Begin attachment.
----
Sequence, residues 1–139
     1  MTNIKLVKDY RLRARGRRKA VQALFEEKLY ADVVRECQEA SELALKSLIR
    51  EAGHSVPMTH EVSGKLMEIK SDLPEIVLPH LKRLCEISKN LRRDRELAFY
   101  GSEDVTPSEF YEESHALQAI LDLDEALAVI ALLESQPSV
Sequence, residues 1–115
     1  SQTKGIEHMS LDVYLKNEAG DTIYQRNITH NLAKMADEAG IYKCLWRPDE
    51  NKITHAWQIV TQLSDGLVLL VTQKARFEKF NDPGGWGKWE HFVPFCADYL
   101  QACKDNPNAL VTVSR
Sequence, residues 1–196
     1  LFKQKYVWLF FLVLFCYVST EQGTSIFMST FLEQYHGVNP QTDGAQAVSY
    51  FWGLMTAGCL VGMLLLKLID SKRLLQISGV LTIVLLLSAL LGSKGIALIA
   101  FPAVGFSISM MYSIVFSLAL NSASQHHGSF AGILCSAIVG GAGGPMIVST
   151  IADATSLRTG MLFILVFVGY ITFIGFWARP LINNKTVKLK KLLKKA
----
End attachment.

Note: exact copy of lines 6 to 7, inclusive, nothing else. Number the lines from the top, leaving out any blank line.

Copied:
     1  SQTKGIEHMS LDVYLKNEAG DTIYQRNITH NLAKMADEAG IYKCLWRPDE
    51  NKITHAWQIV TQLSDGLVLL VTQKARFEKF NDPGGWGKWE HFVPFCADYL